“Which One’s the American?”

Photo by Ryunosuke Kikuno on Unsplash

Our family has been viewing the Tokyo Olympics. Molly loves it. She loves the athletes and the stories, and she is amazed by the things human beings can do.

As anyone who has been paying attention knows, there have not been fans at the Olympics, and the games were postponed last summer. Everything about this Olympics has felt a bit weird. And as an American, it has been a different viewing experience. Athletes seem to get more attention for their political stances than they do for their sporting accomplishments. Media story lines have left things fuzzy when it comes to love of country, the honor of representing one’s homeland, and expressions of pride in national identity.

But every time we watch an event, my son asks, “Which one is the American?” He’s not watching the news. All he knows is that there are people in Tokyo who are from the same place he is from. He doesn’t care about their religion or class or their race. All he cares about is that they are from the same place he is, and because of that, he’s going to hope they win.

That’s as it should be.

Cover Fire for LeBron

Ten years ago LeBron James sat down on ESPN for “The Decision.” Thirty minutes into the program he spoke the infamous utterance, “I’m going to take my talents to South Beach and join the Miami Heat.” James, who grew up in Akron, Ohio, was drafted by his hometown Cleveland Cavaliers in the 2003 NBA Draft. His free agency was a tremendous moment for all sports. Cleveland wanted him back, the Miami heat won the day, but big market teams like the Knicks, Bulls, Nets, and Clippers also courted Mr. James.

The program, which raised $2.5 million dollars for charity and sold $3.5 million dollars worth of advertisements (portions of which also benefited charities), generated tremendous backlash. Jim Gray hosted the conversation, held at a Boys and Girls Club in Greenwich, Connecticut. Children surrounded the platform to hear James’ announcement. The optics were terrible. Mr. James’s choice to join two-time NBA champion Dwyane Wade in Miami alongside big man Chris Bosh, who had been courted for the construction of a super-team, was viewed by fans as an easy way to title contention, a betrayal of local community, and a sign that small market franchises could never retain top-talent, only serving the league as developmental stops for the NBA’s best players before free agency and their prime productive years. Small markets couldn’t win, and this was proof.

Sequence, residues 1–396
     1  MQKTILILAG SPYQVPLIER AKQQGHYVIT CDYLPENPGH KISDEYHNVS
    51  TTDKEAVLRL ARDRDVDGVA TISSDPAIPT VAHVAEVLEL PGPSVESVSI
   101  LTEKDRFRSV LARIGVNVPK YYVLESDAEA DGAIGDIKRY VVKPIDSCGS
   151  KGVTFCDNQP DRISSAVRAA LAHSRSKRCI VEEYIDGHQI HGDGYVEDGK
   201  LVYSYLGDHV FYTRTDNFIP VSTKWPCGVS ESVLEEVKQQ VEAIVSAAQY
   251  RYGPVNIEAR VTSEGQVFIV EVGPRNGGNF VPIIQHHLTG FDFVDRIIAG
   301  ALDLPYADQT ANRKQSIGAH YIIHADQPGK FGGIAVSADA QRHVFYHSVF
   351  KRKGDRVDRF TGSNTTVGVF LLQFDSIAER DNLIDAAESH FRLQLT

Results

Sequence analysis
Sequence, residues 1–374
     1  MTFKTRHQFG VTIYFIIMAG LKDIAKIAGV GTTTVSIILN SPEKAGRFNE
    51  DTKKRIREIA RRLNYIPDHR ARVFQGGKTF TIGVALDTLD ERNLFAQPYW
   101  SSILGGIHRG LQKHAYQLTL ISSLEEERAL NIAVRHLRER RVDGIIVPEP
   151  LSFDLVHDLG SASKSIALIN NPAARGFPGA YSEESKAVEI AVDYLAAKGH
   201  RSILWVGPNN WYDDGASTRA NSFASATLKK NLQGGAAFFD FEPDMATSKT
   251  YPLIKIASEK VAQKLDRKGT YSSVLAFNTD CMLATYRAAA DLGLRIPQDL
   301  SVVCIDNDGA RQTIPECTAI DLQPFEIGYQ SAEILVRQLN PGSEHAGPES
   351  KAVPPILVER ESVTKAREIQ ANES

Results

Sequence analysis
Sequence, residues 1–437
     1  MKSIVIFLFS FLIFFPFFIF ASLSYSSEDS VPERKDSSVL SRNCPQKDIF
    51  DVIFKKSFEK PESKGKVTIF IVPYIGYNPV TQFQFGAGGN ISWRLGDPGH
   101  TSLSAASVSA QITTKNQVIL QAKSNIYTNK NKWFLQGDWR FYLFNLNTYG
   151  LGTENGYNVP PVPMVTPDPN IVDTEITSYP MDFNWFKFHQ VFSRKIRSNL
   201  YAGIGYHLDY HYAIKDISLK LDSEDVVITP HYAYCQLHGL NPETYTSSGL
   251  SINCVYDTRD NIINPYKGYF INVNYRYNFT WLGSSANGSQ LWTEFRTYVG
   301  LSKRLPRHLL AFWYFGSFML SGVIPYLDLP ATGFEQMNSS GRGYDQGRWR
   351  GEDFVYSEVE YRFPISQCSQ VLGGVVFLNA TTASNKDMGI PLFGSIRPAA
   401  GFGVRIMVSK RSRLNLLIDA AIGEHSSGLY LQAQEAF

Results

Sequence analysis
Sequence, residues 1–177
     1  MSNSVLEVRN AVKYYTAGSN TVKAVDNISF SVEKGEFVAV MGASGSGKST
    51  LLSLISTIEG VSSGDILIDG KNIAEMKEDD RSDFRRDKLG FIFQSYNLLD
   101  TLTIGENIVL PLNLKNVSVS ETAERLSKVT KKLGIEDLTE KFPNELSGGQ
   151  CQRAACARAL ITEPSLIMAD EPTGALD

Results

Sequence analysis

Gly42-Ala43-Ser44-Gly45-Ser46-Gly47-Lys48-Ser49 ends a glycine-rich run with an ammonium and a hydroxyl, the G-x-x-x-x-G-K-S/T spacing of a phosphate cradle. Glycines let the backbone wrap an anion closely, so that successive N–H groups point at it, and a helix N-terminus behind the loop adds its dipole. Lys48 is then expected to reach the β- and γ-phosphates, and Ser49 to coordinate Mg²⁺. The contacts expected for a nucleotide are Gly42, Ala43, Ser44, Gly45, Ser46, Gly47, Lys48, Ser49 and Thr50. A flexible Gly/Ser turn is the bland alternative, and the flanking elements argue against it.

In 2012, James was named by Forbes as one of America’s most disliked athletes, largely because of “The Decision.” By 2015 he was both one of America’s most loved and hated athletes. When he went back to Cleveland and won a title in 2016, I think a lot of people forgave the guy and accepted him as one of the greats.

LeBron James is the best basketball player I have ever seen with the exception of Michael Jordan. Though I do think an argument can be made that James is the better player, ultimately I think that argument fails. The variables make it an argument that can never be settled. James’s story is still being written, and if basketball ever resumes, his resume may eventually cause him to eclipse Jordan. But if I was building a roster in any era, and could choose any player from any era in the prime of their career who would be the cornerstone of my franchise, I’d choose Jordan.

So why am I bringing up “The Decision?” Mainly because we are approaching the ten year anniversary of the televised event, and ESPN has announced “Backstory: The Decision,” an upcoming documentary retrospective that looks at the development of the idea and the difference it has made in the landscape of sports. In the article I just linked from Awful Announcing, Ian Casselberry writes, “The 2010 TV special featuring LeBron James announcing which NBA team he would sign with as a free agent was a huge ‘get’ for the network. Yet neither ESPN nor James came out of the moment looking good. The entire circumstance continues to be the subject of ridicule and derision nearly 10 years later.” Yep. That’s right.

So its funny to me that in the publicity leading up to the release of the documentary, ESPN trots out this headline: “ESPN Show Confirms ‘The Decision’ Was Fan’s Idea, Not LeBron James’.” A fan, Drew Wagner, submitted an email to then ESPN personality and writer Bill Simmons suggesting the idea. Simmons pitched it to Mr. James’ people, and eventually it came together.

USA Today also picked up the story, with Scott Gleeson writing an article headlined, “A Decade Later, ‘The Decision’ Hardly Represents LeBron James’ True Legacy,” as though anyone is actually arguing this. It’s as though the publicity packet for this upcoming documentary read, “Hey guys, we really want it out there that ‘The Decision’ wasn’t LeBron’s fault.”

Scott Gleeson at least gets it right when he state’s that James’ legacy is a complicated one. And part of that legacy is that a fan submitted a suggestion to a Bill Simmons’ mailbag, it got passed on to ESPN and James’ team, and the adults in the room said, “Yes, that will work. Let’s work out the finances.”

LeBron could have let “The Decision” fade into history. But he didn’t. So here we are again, re-litigating whether or not the program was a good idea. It was a great idea for a Bill Simmons’ mailbag, but it wasn’t for LeBron. It was a poor move then, it’d be a poor move today, and regardless of who initially thought of it, James made the decision to go through with it.